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How did so many colleges miss on LB prospect Khalil Mack?

It was just another stop on just another recruiting sweep in talent-rich Florida. Robert Wimberly, assistant coach at Liberty University, visited Westwood High in Fort Pierce when the head coach there, Waides Ashmon, told him about a player who was injured during his junior year but playing again as a senior.

"I think he'll be a diamond in the rough," the coach said.

Was he ever.

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Khalil Mack is projected to be the first linebacker taken in the NFL draft. (USA TODAY Sports)

Khalil Mack's recruitment, by a lone coach from an FCS school based in the Blue Ridge Mountains of Virginia, is hard to fathom in an era when Florida high school players are often well-known by colleges by the time they're old enough to get their drivers' permits. The 6-foot-2, 255-pound Mack is now a potential top-five pick in May's NFL draft – at the scouting combine, he posted a 40-inch vertical and a 4.65 40-yard dash time – and if it wasn't for Wimberly, the linebacker might not have been recruited to a Division I school at all.

"USF and UCF were looking," Wimberly said Wednesday by phone, "but there were no other offers. He would have been a young man who got overlooked."

There were reasons: Mack was a prep basketball player who as a junior suffered a patella tendon injury that threatened his high school athletic career. He returned to health stronger than before, but he wasn't even thinking about football until Ashmon phoned Mack's dad early in the teenager's senior year and promised him that if he allowed his son to pick up a new sport, he'd go to college for free.

Wimberly's visit helped fulfill that promise. By the time Mack got comfortable on the field, most schools already had a full list of recruits at linebacker. The Liberty coach walked into a situation every assistant dreams of: a potential star nobody knew about.

"He could go one of two ways," Wimberly said. "He could be raw and marginal, or this kid has a chance to be a specimen."

His gut told him it was the latter. That, of course, led to some nerves. When he saw Mack, who was then a 6-1, 215-pound workout demon, he could hardly believe there was no other school involved.

"Man," he recalled thinking, "it's just gonna be a matter of time before schools jump in on him."

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Robert Wimberly

Wimberly became more impressed as he began to learn more about Mack. The future linebacker loved the physical nature of both basketball and football, recoiling at being called "soft" earlier in his life and striving to remove that label permanently. He also had a diligence and a reliability that surfaced immediately.

"He was very consistent to stay in contact with," Wimberly said. "He said he'd call you Sunday and he would. You were able to pick up on that work ethic. He carried that even in high school."

All of that made Wimberly more nervous. Was Mack really going to Liberty?

The answer was no, and not because of Mack. It was because of Wimberly.

The assistant got a job at the University of Buffalo under head coach Turner Gill, and he immediately told his new boss about the kid from Fort Pierce. Then he stood out of the way, trying not to meddle or force Mack's hand.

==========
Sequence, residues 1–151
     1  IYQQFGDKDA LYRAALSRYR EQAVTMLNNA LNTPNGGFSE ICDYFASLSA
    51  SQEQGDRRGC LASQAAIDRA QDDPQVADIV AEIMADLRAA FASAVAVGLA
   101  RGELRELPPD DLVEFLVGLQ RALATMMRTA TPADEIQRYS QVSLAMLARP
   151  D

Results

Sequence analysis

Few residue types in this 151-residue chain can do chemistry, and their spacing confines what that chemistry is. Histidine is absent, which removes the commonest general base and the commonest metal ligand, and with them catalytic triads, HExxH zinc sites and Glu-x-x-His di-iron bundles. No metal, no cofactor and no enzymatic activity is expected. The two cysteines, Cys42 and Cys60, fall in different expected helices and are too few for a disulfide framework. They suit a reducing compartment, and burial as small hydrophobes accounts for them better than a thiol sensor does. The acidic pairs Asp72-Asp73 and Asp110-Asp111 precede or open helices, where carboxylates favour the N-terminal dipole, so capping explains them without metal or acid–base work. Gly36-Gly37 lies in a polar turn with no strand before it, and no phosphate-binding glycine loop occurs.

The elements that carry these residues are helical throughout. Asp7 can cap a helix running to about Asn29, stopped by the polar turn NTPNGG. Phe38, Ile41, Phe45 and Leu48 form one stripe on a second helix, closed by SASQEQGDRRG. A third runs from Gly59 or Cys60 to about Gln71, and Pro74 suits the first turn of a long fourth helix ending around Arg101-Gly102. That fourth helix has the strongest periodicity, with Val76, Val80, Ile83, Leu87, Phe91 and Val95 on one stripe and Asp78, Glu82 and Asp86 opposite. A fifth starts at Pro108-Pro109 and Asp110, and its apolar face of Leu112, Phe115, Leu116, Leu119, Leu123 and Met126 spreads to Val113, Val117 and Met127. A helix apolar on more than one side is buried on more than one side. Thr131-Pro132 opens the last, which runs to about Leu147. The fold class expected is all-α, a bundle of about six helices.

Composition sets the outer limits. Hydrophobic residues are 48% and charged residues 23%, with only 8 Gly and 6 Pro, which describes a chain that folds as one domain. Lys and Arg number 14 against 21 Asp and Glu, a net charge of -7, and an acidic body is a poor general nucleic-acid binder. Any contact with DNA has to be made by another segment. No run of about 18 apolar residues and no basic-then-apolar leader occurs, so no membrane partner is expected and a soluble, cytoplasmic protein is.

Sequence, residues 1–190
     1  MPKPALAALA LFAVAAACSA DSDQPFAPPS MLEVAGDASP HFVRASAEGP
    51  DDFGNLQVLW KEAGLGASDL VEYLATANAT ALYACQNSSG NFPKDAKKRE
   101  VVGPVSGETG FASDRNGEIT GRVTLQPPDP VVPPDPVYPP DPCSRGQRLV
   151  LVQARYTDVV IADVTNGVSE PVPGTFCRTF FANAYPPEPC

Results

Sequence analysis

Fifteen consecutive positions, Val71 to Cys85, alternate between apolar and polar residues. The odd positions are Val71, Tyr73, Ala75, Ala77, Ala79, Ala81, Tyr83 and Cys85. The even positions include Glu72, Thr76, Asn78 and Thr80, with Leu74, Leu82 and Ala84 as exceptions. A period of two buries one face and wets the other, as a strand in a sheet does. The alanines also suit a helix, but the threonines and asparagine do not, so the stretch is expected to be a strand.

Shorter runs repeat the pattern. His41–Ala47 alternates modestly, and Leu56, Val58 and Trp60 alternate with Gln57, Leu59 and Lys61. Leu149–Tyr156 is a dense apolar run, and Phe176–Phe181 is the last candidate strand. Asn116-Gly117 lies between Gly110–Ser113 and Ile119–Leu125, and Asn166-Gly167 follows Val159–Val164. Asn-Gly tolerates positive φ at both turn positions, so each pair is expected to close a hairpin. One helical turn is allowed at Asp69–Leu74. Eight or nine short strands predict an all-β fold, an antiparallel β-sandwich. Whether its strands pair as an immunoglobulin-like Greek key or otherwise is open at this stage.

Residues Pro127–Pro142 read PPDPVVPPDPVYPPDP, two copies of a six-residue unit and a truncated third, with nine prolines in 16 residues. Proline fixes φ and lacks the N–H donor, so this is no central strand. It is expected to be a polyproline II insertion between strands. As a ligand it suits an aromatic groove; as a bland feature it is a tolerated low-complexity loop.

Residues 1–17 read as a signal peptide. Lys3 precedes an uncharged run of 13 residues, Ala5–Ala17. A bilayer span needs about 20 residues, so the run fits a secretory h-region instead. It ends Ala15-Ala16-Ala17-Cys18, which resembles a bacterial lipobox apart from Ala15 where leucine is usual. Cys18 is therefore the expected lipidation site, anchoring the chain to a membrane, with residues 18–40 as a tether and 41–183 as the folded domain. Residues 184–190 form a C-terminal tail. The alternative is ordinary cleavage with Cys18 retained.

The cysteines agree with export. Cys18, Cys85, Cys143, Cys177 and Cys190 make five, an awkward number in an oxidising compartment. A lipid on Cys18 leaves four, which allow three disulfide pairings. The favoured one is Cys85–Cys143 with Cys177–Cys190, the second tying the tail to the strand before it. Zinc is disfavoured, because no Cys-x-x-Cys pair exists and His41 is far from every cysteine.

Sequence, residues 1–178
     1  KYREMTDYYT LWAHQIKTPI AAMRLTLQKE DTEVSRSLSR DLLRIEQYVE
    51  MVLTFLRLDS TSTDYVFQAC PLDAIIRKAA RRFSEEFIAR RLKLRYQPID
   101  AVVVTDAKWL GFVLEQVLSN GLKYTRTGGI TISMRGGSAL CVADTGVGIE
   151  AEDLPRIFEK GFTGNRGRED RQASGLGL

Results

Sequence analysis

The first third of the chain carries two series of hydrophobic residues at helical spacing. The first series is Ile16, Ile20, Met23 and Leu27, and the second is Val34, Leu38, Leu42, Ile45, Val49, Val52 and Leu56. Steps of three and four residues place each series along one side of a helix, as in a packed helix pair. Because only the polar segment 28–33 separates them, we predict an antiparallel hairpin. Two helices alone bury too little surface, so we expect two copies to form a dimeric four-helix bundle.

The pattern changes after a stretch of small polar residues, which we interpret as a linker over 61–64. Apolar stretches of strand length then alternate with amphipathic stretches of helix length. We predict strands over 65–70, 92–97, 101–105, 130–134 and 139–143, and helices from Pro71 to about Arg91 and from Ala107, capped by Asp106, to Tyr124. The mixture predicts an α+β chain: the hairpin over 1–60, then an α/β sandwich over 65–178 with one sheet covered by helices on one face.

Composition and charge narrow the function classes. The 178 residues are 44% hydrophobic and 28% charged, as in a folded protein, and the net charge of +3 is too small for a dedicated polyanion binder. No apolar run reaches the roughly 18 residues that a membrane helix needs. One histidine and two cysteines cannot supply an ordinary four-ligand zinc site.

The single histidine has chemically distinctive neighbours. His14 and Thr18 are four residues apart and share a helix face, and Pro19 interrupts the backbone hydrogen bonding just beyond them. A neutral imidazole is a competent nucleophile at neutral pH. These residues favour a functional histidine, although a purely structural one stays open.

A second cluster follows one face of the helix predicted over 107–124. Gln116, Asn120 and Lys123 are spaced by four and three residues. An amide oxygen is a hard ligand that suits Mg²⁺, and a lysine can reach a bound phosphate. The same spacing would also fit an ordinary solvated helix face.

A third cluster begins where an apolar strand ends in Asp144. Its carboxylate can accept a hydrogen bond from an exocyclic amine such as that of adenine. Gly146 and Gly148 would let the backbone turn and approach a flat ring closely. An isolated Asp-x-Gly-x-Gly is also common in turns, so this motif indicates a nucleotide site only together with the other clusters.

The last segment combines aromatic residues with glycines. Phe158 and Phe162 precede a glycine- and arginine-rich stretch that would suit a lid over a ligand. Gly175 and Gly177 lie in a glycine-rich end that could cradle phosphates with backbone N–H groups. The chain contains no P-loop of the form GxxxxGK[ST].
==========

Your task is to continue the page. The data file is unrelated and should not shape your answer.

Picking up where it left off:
Mack visited Buffalo, on a day when the campus was covered with snow, and he decided to follow Wimberly there. The MAC school was his only offer.

The entire Bulls staff learned quickly what Wimberly knew.

"He could run," he said. "He can [come around the] bend and pass rush, turn the corner. Great hips – so fluid in his hips. And he's got long arms. He was so explosive getting from point A to point B, even as a freshman."

Then the coaching staff saw him in the film room, learning the game he hadn't played as long as his new teammates. Mack wasn't just raw talent who needed years to develop. Wimberly thought he could rapidly become the best player in school history.

Four years later, he's pretty close. "He made me a great coach," head coach Jeff Quinn said with a laugh.

Quinn took over for Gill when Mack was a true freshman. Mack held the school record for forced fumbles and tackles for loss even before his senior season. His first game last year was against Ohio State, and he had an interception returned for a touchdown, nine tackles and 2.5 sacks. Urban Meyer said Mack could play at any school in America, and now that looks like an understatement. "He wasn't just someone who was going to put his hand in the dirt and rush," Quinn said. "They never knew what he was going to do."

Buffalo had record attendance in 2013, and "Macktion" was part of the reason.

Gill had moved on to Kansas and then to Liberty, and Wimberly returned to join him there in 2012. Wimberly doesn't take credit for being the guy who found Mack, but he admits scouts sometimes come up to him and want to shake his hand. He's still in touch with the Fort Pierce phenom, but now he's spending his time trying to find and coach the next Khalil Mack. If he does come across anyone who reminds him of Mack, he's not going to doubt his fortune or his instincts.

"There's nothing like a gut feeling," he said.

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